A new study by the Washington think-tank, the Center on Budget and Policy Priorities, ranks Kentucky eighth least affordable state in the nation when it comes to the price of a college degree. That's based on the price of tuition, compared to how much people in the state make. The cost is rising, and state government funding for public colleges and universities is falling, based on the report.
- The Center on Budget and Policy Priorities ranks Kentucky eight worst in the nation for college affordability.
- According to the Washington think-tank, the price for a degree is rising, and college funding from state government is falling.
- The Kentucky Center for Economic Policy pushes for increased funding.
Medical student Meghamsh Kanuparthy is schooled in financial burden. There's a high price for his degree he's willing to pay.
"Medical school is very expensive!" Kanuparthy says. He still has about two and a half years to go. "I've known for a long time that I want to be a doctor."
Fortunately, he feels the future will provide a surgeon's salary, for him to repay the six-figures of debt that's building. But, there's a bigger problem, he feels.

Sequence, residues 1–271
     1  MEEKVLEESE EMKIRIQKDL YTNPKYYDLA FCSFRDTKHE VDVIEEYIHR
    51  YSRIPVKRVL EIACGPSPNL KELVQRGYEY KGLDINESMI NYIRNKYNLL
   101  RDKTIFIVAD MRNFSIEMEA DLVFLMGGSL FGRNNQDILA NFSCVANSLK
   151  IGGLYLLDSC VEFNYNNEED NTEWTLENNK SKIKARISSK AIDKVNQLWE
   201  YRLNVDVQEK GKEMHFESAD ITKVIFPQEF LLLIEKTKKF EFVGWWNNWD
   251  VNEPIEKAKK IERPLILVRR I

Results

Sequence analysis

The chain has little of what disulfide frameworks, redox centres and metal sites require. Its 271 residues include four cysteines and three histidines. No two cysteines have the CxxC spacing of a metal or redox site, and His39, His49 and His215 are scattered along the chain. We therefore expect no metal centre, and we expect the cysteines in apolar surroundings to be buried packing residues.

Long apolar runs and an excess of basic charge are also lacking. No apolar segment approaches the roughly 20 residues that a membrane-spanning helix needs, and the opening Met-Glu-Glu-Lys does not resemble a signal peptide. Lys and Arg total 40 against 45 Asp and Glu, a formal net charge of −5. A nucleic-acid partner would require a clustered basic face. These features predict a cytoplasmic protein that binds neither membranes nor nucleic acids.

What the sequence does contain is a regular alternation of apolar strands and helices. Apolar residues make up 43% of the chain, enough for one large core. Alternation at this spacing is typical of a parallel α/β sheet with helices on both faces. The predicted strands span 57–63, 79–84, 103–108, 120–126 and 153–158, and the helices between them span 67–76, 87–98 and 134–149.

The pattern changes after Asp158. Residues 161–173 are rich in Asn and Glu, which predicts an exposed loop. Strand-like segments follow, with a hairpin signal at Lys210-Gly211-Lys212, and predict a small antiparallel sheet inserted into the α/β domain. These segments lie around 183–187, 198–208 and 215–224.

"The crushing amount of loans I think is pushing people away from primary care work, where they can really make a much bigger impact," says Kanuparthy.
In a new study, released by the Kentucky Center for Economic Policy, colleges are raising tuition, the state is providing less public funding, which means students pay more. The study ranks the Bluegrass eighth worst in the nation for college affordability. Is a degree too costly?
"It's very difficult for folks when they do get a degree to go on and buy a house, and make other investments in their communities and just be economically secure. It's a real problem," says Ashley Spalding, analyst with the Kentucky Center for Economic Policy.
The Center for Economic Policy wants state lawmakers to fund schools, using more money from the general fund-- meaning, more public, tax-payer provided dollars. "So students are paying more, paying a lot more, for college. And at the same time, our state financial aid hasn't been increasing. Wages haven't been going up in the state," Spalding says.
Kanuparthy keeps going. He says it's still worth the price for his profession. But he believes something must change to make education more affordable.
"I'm not only taking on debt, I'm losing years where I could be making money, too," he says, adding, "I would consider myself lucky to do all this. I'd consider myself luckier if I didn't have to pay tuition."
To read the full report, click here.
For a look at current tuition costs, click here for information at the University of Louisville and here for the University of Kentucky's information.